What You Need to Know About Phobias
Fear itself is a natural feeling that is completely normal — and even healthy. It is the natural way our brain signals us for possible danger and triggers our instincts of self-preservation.
We are trained to deal with fears and accept them as a natural part of our lives, but it’s different when we talk about irrational fears and phobias. A phobia is a when a person experiences deep and intense (often irrational) fear of something.
The problem with phobias is that often people with certain phobias experience such intense fear that it makes them change their normal lifestyle. If you have several things in your life that cause you intense irrational fear, and you start change your life because of it, you have developed a phobia.
What Causes Your Phobia?
In most cases phobias appear in early childhood or adulthood and rarely after the age of 30. Here are some of the most common factors that may cause phobias:
- Severe brain injuries
- Certain medications
- Stressful events (car accident, nearly drowning, severe injuries)
- People with relatives suffering from anxiety disorders are at high risk of phobias
Different Types of Phobias
Phobias can be divided in two major groups: complex and simple phobias. Simple phobias are irrational fears about a specific situation, animal, or activity.
On the other hand, complex phobias are related to more intense fear and/or anxiety. This can include fear of certain circumstances, places, or situations. Here are some of the most common phobias that we know of:
- Fear of spiders: Arachnophobia
- Fear of dogs: Cynophobia
- Fear of flying: Aviophobia
- Fear of snakes: Ophidiophobia
- Fear of heights: Acrophobia
- Social phobia: A social phobia (also known today as social anxiety disorder) is a condition in which a person experiences intense fear in different social situations. This can include meeting new people, public speaking, performing on a stage, eating or drinking in public. This phobia can dramatically change your lifestyle and eventually lead to isolation.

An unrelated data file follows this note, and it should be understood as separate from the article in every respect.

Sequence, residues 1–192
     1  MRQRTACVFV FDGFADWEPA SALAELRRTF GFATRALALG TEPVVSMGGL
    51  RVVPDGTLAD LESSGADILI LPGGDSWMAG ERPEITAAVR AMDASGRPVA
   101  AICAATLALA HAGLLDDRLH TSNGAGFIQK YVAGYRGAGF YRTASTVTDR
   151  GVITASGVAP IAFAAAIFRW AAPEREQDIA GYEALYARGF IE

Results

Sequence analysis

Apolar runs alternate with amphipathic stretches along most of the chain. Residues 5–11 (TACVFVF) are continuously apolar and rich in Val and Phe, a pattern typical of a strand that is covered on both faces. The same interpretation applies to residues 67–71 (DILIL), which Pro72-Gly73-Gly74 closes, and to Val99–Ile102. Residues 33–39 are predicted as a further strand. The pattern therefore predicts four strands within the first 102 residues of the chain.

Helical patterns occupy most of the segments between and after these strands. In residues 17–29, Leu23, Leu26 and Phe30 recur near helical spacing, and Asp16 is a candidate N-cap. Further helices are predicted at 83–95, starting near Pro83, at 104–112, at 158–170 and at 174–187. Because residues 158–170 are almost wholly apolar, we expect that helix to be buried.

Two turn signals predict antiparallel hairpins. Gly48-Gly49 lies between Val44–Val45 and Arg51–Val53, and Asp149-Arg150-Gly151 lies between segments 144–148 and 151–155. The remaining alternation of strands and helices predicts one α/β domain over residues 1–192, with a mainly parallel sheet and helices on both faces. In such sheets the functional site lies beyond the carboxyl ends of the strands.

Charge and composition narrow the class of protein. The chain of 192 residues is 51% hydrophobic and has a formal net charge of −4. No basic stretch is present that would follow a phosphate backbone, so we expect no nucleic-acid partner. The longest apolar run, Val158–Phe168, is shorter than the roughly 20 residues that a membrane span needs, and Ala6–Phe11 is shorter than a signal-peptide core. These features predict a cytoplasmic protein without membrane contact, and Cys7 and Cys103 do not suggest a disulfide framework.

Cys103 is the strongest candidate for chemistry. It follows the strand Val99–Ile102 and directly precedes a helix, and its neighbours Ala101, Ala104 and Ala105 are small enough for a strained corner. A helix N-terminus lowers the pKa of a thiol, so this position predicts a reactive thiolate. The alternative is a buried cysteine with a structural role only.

Different Types of Phobias
- Agoraphobia: The word “agoraphobia” itself means fear of open spaces. This can include crowded places, supermarket, theaters, concerts, etc. Often people with agoraphobia avoid these situations and places, as they think they could trigger another panic attack. In severe cases, people with agoraphobia do not leave their homes.
Symptoms of Phobias
The symptoms of a phobia — and their intensity — can vary as there are many types of known phobias. However, the most common symptom of phobia is a panic attack. If you’re having a panic attack you may feel:
- Shaking or trembling
- Shortness of breath
- Racing heartbeat
- As if you have no control over the situation
- As if you are dying
- Dry mouth
How to Treat Phobias
Even though phobias are unpleasant, they are very common and highly treatable. If, for example, you are afraid of snakes, it won’t affect your life too much as you likely don’t encounter them often.
On the other hand, complex phobias such as agoraphobia and social phobia need your attention. These are conditions that can dramatically change your lifestyle and daily routine and lead to complete isolation in the most severe cases.
Treatment is different for each individual, and for each kind of phobia — there is no one unique treatment used. However, there are some basic steps you can take in order to cope with your fear:
- Face your fears: This is the most common method for self-help when you are dealing with phobias. The key factor here is to face your fear as you gradually expose yourself to the situation that triggers your phobia, and you’ll eventually become desensitized to it.
- Learn to relax: Stress is a huge issue with anxiety. To learn how to cope with your phobia you will have to manage some relaxation techniques, including exercise, meditation, and breathing techniques.
- Cognitive behavioral therapy (CBT): This is one of the most common methods for treating phobias. A therapist will help you develop strategies to cope with your phobia by examining how your thoughts, feelings, and behaviors all affect each other.
- Hypnosis: Hypnosis is gaining popularity as a method of dealing with phobias and anxiety disorders. According to studies, hypnosis is extremely useful with treating panic attacks, phobias, sleep disorders, and stress.